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Power of Play Blog

6 Ways Play Boosts Emotional and Mental Health in Kids

Photo credit: Bruce Silcox

It’s no secret that the amount of time kids spend playing has been declining. In fact, kids growing up today play an average of eight hours less per week than children did in the 1980s.

The trend has prompted warnings from the American Academy of Pediatrics and the World Health Organization that a lack of play time has a negative impact on kids.

When kids don’t play enough, they miss out on opportunities to build important skills – such as critical and creative thinking, communication, collaboration and more.

The decline in play also contributes to rising levels of anxiety, stress and depression in kids today. Researchers from National Survey of Children’s Health  found a 20 percent increase in anxiety diagnoses in kids ages 6 to 17 between 2007 and 2012. And a study published this year in the Journal of Abnormal Psychology found that between 2009 and 2017, rates of depression rose by 47 percent among those ages 12 to 13.

How Does Play Reduce Stress? 

Declining play isn’t the only factor contributing to rising mental health issues in kids. More regimented academics and increased screen time, for example, play a significant role. But, when kids are given the space and freedom to play, the benefits are powerful. Play not only helps kids build cognitive skills, but it also helps contribute to emotional and mental health as well. Through play, kids:

  • Gain a sense of control. When kids direct their own play, they gain a sense of control and build confidence.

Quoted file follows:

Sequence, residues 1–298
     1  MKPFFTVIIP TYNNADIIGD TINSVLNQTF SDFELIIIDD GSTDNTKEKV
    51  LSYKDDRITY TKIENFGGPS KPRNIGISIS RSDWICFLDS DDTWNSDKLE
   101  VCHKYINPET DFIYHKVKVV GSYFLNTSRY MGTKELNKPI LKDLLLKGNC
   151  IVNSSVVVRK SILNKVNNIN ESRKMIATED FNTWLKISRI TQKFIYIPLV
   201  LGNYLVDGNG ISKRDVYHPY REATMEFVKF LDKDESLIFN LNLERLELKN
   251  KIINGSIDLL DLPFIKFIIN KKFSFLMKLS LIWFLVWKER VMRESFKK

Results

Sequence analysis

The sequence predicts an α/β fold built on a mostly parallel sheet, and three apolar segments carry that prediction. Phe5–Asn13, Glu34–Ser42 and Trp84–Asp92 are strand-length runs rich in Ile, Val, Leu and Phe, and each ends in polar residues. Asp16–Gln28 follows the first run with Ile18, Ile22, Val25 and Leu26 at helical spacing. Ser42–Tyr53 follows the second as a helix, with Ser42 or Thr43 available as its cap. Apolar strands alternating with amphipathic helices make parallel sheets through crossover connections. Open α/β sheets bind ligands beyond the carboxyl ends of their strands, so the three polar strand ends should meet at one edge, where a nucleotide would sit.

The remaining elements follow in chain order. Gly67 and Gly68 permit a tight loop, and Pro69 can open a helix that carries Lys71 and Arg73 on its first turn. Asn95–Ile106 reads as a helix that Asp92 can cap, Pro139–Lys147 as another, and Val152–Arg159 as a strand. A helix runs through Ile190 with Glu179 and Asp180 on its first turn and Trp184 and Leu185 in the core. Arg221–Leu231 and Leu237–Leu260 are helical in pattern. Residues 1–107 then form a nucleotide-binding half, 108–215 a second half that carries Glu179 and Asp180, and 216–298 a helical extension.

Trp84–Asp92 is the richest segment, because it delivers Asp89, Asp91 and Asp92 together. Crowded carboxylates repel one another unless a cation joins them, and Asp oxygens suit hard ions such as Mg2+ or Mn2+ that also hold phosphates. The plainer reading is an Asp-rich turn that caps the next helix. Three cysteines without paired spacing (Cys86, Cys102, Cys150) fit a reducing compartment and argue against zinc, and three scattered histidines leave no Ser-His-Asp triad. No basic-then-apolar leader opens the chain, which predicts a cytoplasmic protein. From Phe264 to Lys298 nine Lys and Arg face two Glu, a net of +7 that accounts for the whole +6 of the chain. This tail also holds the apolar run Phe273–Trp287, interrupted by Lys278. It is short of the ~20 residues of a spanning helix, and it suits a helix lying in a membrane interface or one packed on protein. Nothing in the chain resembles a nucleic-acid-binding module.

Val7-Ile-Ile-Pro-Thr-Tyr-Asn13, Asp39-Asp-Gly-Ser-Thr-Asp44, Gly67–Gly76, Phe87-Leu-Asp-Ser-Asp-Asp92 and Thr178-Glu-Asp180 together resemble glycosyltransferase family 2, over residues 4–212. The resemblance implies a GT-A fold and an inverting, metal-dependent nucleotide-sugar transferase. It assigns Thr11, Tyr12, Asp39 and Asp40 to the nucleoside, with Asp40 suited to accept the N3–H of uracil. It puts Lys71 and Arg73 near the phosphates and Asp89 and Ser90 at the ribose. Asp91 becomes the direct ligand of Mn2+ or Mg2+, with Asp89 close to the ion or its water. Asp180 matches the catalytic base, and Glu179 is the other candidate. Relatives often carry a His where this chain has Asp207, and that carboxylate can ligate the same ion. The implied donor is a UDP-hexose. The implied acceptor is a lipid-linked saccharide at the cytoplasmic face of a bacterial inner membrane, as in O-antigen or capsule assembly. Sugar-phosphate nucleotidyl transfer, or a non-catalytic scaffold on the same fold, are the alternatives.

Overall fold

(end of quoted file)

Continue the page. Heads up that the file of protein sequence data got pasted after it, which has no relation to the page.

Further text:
• Solve problems and build resilience. Play provides a safe space for kids to try something new, tackle challenges and try, try, try again if at first they don’t succeed.
  • Develop social-emotional skills. When kids play with each other, they develop social-emotional skills like empathy and compassion, develop self-control and learn how to work through conflict.
  • Discover their own interests. Through unstructured play, kids follow their own interests, which helps them build a sense of self and sparks curiosity and wonder.
  • Strengthen relationships. When parents and kids play, it’s a bonding experience – one that builds life-long memories and strengthens relationships.
  • Experience joy. Simply put, when kids play, it brings a sense of happiness and joy to their world.

What Can Parents Do? 

Life is busy. We get it. Pressures like academics, structured activities and other outside pressures take up a lot of time and can be overwhelming. We encourage parents to do their best to protect children’s playtime by setting aside a little bit of time each day to ensure kids can experience the power of play. We also encourage you to get in there and play too! Play is good for everyone no matter their age.

 

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Parent resources are funded in part with money from the Arts and Cultural Heritage Fund that was created with the vote of the people of Minnesota on November 4, 2008.

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